Block on Trump's Asylum Ban Upheld by Supreme Court
According to the U.S. Park Service and now a federal judge, there is to be no dancing in the interior of the Jefferson Memorial in Washington, D.C. That whirring sound may well be the author of the Declaration of Independence spinning in his grave, but U.S. District Judge John D. Bates found that the memorial site is to be a place to "publicize Thomas Jefferson's legacy, so that critics and supporters alike may contemplate his place in history."
One more time? Citizens should remember the legacy of Jefferson, except by acting in any fashion that might serve to illustrate it? That is exactly what plaintiff Mary Oberwetter and 17 friends claimed to be doing by their silent "expressive dancing" at the Memorial one spring evening in 2008 reports the Washington Post. U.S. Park Police Officer Kenneth Hilliard saw the show and asked them to stop. According to the Post, when Oberwetter refused and asked why, she was answered by her prompt arrest for demonstrating without a permit and interfering with an agency function. These charges were later dropped.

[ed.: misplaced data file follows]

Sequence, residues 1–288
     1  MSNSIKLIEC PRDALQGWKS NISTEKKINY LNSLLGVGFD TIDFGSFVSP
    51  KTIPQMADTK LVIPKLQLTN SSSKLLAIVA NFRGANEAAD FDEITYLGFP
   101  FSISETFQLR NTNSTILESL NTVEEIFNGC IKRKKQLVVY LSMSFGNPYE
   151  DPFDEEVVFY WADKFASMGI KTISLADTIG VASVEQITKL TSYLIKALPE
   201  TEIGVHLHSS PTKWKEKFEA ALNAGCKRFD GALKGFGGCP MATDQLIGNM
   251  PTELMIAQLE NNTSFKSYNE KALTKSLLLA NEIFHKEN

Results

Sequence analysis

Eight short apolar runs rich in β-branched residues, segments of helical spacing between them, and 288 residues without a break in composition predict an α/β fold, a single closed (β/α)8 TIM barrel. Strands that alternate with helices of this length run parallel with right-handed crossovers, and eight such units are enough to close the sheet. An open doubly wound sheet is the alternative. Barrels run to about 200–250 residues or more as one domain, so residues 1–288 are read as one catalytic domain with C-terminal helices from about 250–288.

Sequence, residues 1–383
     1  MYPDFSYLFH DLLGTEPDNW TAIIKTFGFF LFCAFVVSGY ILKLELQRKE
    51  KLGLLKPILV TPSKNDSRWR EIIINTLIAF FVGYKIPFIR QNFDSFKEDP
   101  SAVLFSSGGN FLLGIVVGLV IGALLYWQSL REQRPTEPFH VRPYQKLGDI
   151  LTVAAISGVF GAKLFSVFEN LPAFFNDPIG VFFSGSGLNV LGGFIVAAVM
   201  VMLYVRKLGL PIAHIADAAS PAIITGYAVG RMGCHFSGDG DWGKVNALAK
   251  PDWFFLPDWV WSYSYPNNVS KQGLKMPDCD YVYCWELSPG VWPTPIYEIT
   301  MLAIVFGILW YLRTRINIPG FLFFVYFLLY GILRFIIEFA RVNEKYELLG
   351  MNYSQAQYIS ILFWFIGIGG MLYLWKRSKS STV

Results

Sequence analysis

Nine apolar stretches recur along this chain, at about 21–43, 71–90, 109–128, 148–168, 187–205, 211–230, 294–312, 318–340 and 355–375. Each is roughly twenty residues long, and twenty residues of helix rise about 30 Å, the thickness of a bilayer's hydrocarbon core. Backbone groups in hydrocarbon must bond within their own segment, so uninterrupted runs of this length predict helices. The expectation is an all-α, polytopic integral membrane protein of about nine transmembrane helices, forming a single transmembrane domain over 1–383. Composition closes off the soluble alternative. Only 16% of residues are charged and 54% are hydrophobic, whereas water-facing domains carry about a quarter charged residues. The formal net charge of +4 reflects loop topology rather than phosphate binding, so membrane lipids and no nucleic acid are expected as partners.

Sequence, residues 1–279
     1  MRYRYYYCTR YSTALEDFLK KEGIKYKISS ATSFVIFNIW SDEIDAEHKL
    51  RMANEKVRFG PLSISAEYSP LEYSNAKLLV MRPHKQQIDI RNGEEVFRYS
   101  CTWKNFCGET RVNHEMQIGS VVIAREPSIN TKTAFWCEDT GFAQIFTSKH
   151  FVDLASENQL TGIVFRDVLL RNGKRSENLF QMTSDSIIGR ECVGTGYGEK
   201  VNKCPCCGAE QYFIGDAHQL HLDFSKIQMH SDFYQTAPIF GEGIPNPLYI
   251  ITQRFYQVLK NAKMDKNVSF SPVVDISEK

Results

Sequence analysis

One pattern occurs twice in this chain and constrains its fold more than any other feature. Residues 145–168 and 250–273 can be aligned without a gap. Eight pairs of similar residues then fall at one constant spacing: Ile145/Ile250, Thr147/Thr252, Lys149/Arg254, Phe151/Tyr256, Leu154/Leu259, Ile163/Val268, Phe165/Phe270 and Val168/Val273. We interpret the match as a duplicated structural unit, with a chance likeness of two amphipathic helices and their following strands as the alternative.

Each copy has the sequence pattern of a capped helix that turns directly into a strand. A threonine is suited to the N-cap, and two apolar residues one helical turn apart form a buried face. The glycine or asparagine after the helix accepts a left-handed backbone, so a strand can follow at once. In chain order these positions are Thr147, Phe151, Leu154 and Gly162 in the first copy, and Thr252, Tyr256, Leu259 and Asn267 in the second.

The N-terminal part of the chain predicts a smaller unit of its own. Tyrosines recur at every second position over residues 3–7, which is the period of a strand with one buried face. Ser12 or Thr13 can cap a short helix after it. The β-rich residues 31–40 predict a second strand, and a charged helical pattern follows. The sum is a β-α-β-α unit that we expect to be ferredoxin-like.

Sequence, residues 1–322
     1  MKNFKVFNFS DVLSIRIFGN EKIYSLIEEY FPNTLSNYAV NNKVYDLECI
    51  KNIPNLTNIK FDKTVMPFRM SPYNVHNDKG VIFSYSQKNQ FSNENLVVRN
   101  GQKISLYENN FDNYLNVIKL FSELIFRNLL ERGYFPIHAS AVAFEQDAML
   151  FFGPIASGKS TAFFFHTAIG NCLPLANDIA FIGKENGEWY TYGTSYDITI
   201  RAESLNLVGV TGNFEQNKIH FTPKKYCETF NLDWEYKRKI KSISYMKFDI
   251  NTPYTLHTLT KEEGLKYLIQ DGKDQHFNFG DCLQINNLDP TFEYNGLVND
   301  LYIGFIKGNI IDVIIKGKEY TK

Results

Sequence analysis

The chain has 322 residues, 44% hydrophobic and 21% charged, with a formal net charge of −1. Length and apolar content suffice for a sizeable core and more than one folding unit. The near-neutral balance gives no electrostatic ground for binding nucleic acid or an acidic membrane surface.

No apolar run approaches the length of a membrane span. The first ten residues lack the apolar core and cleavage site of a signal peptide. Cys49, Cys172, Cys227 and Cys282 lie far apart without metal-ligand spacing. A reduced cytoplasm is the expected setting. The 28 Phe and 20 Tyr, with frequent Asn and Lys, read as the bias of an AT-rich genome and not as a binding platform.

However, Oberwetter was not satisfied and sued the Park Service in March of 2009, alleging they had violated her rights to free expression and asked the court to block the government from doing so in the future. Her argument included two important points, first, that she had the right to express her views by dancing because the Memorial is a "public forum" and second, that even if such expressions could be prohibited, her dance was not a "demonstration," as prohibited by park regulations.
Judge Bates disagreed with both arguments. First, he found that despite the fact the Jefferson Memorial is dedicated to one of the greatest public figures in our history, it is still not considered a public forum within the legal definition of the term. Second, and less convincingly, the judge found that the silent dancing of the plaintiffs had enough in common with a demonstration to make it fall within the purvey of a prohibited activity. In supporting this idea, the judge seem to feel that the dancing had the propensity to attract onlookers, leading to a noisy expression of their group views. The fact that the dance occurred at about midnight went unrecognized by the court.
The most important factor to Judge Bates seemed to be to keep "...[t]he Memorial [as it]...has long been, and is intended to be a place of calm, tranquility, and reverence."
It should be noted here that Judge Bates' opinion states that generally, demonstrations are not permitted in the grounds around the Washington, Jefferson and Lincoln Memorials, including the Mall. Good thing the Reverend Dr. Martin Luther King thought to get a permit.